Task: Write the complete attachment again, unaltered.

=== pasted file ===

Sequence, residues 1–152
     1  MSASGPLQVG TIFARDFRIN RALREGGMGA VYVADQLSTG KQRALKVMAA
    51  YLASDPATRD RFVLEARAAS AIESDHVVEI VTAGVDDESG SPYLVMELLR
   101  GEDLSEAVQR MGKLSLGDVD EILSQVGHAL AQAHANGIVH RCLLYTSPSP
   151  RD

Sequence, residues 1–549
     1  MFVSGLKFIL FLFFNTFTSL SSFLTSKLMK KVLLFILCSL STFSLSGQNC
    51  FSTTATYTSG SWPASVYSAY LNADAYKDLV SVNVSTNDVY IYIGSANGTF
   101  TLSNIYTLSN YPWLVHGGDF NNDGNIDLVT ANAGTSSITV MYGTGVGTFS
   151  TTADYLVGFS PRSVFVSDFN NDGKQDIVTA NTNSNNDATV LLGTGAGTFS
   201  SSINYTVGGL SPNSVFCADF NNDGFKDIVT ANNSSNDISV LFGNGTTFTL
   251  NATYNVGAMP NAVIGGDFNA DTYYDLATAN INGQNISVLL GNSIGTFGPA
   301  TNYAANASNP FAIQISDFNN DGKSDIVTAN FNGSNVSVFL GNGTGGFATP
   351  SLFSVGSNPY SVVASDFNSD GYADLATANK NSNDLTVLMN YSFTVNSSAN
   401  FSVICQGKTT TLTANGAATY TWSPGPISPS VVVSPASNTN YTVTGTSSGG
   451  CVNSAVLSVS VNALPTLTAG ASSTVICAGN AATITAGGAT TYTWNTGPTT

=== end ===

Sequence, residues 1–152
     1  MSASGPLQVG TIFARDFRIN RALREGGMGA VYVADQLSTG KQRALKVMAA
    51  YLASDPATRD RFVLEARAAS AIESDHVVEI VTAGVDDESG SPYLVMELLR
   101  GEDLSEAVQR MGKLSLGDVD EILSQVGHAL AQAHANGIVH RCLLYTSPSP
   151  RD

Sequence, residues 1–549
     1  MFVSGLKFIL FLFFNTFTSL SSFLTSKLMK KVLLFILCSL STFSLSGQNC
    51  FSTTATYTSG SWPASVYSAY LNADAYKDLV SVNVSTNDVY IYIGSANGTF
   101  TLSNIYTLSN YPWLVHGGDF NNDGNIDLVT ANAGTSSITV MYGTGVGTFS
   151  TTADYLVGFS PRSVFVSDFN NDGKQDIVTA NTNSNNDATV LLGTGAGTFS
   201  SSINYTVGGL SPNSVFCADF NNDGFKDIVT ANNSSNDISV LFGNGTTFTL
   251  NATYNVGAMP NAVIGGDFNA DTYYDLATAN INGQNISVLL GNSIGTFGPA
   301  TNYAANASNP FAIQISDFNN DGKSDIVTAN FNGSNVSVFL GNGTGGFATP
   351  SLFSVGSNPY SVVASDFNSD GYADLATANK NSNDLTVLMN YSFTVNSSAN
   401  FSVICQGKTT TLTANGAATY TWSPGPISPS VVVSPASNTN YTVTGTSSGG
   451  CVNSAVLSVS VNALPTLTAG ASSTVICAGN AATITAGGAT TYTWNTGPTT